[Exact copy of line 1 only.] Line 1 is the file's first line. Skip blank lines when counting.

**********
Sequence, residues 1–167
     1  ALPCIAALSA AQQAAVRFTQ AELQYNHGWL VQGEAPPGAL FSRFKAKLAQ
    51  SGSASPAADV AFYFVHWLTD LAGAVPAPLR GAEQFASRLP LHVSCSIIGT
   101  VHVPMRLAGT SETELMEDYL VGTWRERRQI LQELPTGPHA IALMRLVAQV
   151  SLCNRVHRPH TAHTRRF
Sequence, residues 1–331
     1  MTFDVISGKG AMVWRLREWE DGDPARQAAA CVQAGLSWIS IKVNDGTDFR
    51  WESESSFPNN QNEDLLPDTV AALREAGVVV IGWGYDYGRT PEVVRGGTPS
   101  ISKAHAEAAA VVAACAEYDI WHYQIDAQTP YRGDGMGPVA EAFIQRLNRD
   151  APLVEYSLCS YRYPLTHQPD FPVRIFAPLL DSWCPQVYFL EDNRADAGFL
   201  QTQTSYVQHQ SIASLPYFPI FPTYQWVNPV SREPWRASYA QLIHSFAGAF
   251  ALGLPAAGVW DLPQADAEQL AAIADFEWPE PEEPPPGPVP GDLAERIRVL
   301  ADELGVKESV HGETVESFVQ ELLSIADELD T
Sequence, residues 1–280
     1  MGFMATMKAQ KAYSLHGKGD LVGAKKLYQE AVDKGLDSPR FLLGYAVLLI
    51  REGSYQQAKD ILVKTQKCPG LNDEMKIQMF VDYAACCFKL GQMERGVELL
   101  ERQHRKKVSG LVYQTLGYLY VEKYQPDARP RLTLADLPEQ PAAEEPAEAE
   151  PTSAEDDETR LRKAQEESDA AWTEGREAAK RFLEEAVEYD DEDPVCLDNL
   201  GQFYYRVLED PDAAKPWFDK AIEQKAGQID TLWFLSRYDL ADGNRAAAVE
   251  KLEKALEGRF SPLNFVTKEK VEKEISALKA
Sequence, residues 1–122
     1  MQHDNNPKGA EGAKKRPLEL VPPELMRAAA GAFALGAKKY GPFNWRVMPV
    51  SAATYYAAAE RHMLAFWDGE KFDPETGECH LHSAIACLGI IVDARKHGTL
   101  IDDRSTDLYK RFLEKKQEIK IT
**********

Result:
Sequence, residues 1–167